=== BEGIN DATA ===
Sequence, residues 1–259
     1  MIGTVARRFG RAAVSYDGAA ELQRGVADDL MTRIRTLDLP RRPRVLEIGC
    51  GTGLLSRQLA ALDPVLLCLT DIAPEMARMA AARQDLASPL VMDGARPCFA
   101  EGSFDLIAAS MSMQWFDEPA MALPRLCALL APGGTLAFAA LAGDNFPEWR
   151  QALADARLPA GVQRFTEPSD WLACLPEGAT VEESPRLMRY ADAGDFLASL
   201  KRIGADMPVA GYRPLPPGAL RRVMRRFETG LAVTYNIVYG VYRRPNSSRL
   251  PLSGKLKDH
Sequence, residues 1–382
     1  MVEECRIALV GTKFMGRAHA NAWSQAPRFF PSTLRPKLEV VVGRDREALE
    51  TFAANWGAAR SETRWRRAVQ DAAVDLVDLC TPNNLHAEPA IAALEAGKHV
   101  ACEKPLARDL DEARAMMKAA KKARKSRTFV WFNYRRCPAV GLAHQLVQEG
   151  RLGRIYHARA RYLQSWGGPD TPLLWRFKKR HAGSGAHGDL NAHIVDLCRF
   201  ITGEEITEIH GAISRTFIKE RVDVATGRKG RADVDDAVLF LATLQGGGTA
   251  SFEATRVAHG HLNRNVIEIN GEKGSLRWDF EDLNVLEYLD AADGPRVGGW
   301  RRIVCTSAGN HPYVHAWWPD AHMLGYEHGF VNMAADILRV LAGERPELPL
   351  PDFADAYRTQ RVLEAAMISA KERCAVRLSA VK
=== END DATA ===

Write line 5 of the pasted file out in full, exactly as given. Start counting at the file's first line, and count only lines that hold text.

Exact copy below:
   151  QALADARLPA GVQRFTEPSD WLACLPEGAT VEESPRLMRY ADAGDFLASL